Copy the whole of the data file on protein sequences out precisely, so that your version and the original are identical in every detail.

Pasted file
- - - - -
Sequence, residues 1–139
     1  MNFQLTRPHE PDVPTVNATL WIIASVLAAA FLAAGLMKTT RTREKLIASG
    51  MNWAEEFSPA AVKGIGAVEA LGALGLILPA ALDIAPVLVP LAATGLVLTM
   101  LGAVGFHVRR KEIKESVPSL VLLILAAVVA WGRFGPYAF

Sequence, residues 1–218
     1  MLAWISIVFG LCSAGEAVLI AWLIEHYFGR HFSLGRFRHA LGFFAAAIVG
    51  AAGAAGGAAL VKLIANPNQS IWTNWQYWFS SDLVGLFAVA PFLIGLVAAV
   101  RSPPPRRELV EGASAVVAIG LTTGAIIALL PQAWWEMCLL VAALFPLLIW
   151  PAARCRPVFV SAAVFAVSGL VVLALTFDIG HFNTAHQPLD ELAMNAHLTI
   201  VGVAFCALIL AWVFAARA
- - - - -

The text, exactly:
Sequence, residues 1–139
     1  MNFQLTRPHE PDVPTVNATL WIIASVLAAA FLAAGLMKTT RTREKLIASG
    51  MNWAEEFSPA AVKGIGAVEA LGALGLILPA ALDIAPVLVP LAATGLVLTM
   101  LGAVGFHVRR KEIKESVPSL VLLILAAVVA WGRFGPYAF

Sequence, residues 1–218
     1  MLAWISIVFG LCSAGEAVLI AWLIEHYFGR HFSLGRFRHA LGFFAAAIVG
    51  AAGAAGGAAL VKLIANPNQS IWTNWQYWFS SDLVGLFAVA PFLIGLVAAV
   101  RSPPPRRELV EGASAVVAIG LTTGAIIALL PQAWWEMCLL VAALFPLLIW
   151  PAARCRPVFV SAAVFAVSGL VVLALTFDIG HFNTAHQPLD ELAMNAHLTI
   201  VGVAFCALIL AWVFAARA